Advertisement
HomeCollectionsBrandon Lee
IN THE NEWS

Brandon Lee

FEATURED ARTICLES
FEATURES
By Fort Worth Star-Telegram | August 25, 1992
There is a priceless moment in "Rapid Fire," where Brandon Lee is transformed by anger from a scared college kid to a vengeful fighting machine. Co-star Powers Boothe, playing an older and wiser heroic sort, advises Mr. Lee to calm down and get his "fists of fury" under control.The reference may sail right over the heads of the customers who don't keep track of such things. But it's a small treat for the fans: Mr. Boothe's line in "Rapid Fire," which opened at area theaters Friday, is a nod to Lo Wei's "Fists of Fury" (China; 1972)
ARTICLES BY DATE
NEWS
By Athima Chansanchai and Athima Chansanchai,SUN STAFF | July 28, 2003
While adults were strolling among the vendors' booths and exhibits at Artscape yesterday, their children were discovering art through painting projects, crafts and entertainment from monkey trainers and tutu-wearing singers. "We try to get them out to do hands-on activities," said Tracy Baskerville, public relations director for Baltimore's Office of Promotion and the Arts. "That's how to grab kids and get them interested in art." Her boss, Bill Gilmore, dubbed the area that concentrated on children's activities "Kidscape."
Advertisement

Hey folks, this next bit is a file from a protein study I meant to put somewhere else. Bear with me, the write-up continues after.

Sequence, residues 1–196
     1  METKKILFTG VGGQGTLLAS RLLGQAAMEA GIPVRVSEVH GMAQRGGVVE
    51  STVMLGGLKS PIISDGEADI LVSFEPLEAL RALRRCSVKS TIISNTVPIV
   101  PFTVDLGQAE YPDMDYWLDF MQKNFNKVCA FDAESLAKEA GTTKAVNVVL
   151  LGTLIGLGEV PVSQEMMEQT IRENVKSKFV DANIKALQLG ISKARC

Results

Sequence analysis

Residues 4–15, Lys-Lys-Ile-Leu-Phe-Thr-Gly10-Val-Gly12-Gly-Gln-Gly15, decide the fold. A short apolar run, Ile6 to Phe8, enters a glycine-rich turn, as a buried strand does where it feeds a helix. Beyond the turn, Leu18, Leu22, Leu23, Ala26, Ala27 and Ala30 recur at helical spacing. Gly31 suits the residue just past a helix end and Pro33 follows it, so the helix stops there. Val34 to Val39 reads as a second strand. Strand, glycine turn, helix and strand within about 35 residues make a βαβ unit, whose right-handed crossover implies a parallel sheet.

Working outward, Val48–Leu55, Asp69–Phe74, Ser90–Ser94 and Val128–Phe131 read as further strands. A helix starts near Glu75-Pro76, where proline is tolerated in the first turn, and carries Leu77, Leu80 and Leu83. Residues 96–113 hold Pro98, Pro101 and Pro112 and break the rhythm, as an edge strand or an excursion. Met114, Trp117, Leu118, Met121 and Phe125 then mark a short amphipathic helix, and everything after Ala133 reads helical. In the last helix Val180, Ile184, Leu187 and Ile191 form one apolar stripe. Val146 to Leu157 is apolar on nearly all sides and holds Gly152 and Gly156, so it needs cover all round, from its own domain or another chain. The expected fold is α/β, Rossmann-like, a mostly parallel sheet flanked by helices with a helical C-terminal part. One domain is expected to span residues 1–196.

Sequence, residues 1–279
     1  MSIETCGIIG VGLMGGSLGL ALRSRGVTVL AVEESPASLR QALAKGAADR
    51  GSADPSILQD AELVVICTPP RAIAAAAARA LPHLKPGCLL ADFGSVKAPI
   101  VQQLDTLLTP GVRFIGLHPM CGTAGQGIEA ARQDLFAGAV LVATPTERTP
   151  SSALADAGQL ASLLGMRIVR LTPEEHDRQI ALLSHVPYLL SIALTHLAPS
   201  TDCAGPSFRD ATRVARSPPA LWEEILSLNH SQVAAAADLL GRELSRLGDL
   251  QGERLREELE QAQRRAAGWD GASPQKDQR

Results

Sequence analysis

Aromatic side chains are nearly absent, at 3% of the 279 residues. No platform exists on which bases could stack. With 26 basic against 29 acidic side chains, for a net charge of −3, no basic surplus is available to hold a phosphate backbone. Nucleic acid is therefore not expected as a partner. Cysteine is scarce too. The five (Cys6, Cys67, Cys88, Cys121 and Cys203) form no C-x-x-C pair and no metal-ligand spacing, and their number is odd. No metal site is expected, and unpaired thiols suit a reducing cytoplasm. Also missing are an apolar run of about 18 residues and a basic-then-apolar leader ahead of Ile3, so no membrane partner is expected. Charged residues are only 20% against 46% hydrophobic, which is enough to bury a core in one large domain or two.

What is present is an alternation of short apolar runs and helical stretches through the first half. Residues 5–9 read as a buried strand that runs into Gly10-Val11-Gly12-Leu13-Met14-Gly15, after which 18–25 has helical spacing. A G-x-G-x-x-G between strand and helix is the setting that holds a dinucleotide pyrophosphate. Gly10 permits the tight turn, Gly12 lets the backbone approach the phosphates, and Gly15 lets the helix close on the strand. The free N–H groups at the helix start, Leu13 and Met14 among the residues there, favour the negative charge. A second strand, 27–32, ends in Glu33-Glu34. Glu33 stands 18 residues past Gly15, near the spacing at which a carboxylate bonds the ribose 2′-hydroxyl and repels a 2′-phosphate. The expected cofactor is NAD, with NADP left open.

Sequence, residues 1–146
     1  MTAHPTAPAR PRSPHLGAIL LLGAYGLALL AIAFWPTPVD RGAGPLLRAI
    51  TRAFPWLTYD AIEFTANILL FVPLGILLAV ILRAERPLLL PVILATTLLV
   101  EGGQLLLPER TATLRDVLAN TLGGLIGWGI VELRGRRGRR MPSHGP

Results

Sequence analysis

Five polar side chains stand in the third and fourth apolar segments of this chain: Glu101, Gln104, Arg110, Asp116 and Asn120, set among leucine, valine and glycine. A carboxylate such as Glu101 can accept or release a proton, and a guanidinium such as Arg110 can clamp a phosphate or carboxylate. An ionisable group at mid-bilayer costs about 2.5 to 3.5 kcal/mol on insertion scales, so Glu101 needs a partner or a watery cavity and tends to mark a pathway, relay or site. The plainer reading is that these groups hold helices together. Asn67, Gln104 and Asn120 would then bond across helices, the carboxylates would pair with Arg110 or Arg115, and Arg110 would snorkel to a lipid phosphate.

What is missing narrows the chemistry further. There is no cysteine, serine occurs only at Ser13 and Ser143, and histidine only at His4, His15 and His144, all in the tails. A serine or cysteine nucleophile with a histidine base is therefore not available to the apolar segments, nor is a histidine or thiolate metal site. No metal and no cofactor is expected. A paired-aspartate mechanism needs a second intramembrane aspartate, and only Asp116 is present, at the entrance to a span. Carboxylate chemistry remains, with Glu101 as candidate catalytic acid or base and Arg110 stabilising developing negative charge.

ENTERTAINMENT
By Stephen Hunter and Stephen Hunter,Sun Film Critic | May 15, 1994
"The Crow," the death-haunted, mega-violent, pulpy, vigorous final film of Brandon Lee, may not qualify as much of a monument to a lost life -- what film could? -- but it's a hell of a movie.It's one of those strange numbers that can only be classified as being of a piece, meaning that however you feel about the value of what it sets out to do, you must admit that it does it brilliantly.And here's what it sets out to do: to compress into one seamless threnody the sensibilities of film noir, urban gothic and slam-bang comic-book energy while sounding chords of nihilism and cynicism and very loud rock 'n' roll.
NEWS
June 6, 2003
On June 3, 2003, MARY JANE, beloved wife of the late Anderson Lee, devoted mother of Leroy Lee Ennis, grandmother of Leroy Lee, Jr. and Rhonda M. Lee, and great-grandmother of Brandon Lee; also survived by a host of nieces, nephews, family and friends. Friends may call at the Betts Funeral Home, 1129 N. Caroline ST, on Friday, June 6, 2003, from 2 to 7 P.M. Mary Jane will lie in state on Saturday, June 7, 2003, at 10:30 A.M. at New Pilgrim Baptist Church, 629 N. Washington Street. Family will receive friends from 10:30 to 11:30 A.M., followed by funeral services.
NEWS
June 6, 2003
On June 3, 2003, MARY JANE, beloved wife of the late Anderson Lee, devoted mother of Leroy Lee Ennis, grandmother of Leroy Lee, Jr. and Rhonda M. Lee, and great-grandmother of Brandon Lee; also survived by a host of nieces, nephews, family and friends. Friends may call at the Betts Funeral Home, 1129 N. Caroline ST, on Friday, June 6, 2003, from 2 to 7 P.M. Mary Jane will lie in state on Saturday, June 7, 2003, at 10:30 A.M. at New Pilgrim Baptist Church, 629 N. Washington Street. Family will receive friends from 10:30 to 11:30 A.M., followed by funeral services.
ENTERTAINMENT
By Stephen Hunter and Stephen Hunter,Film Critic | August 21, 1992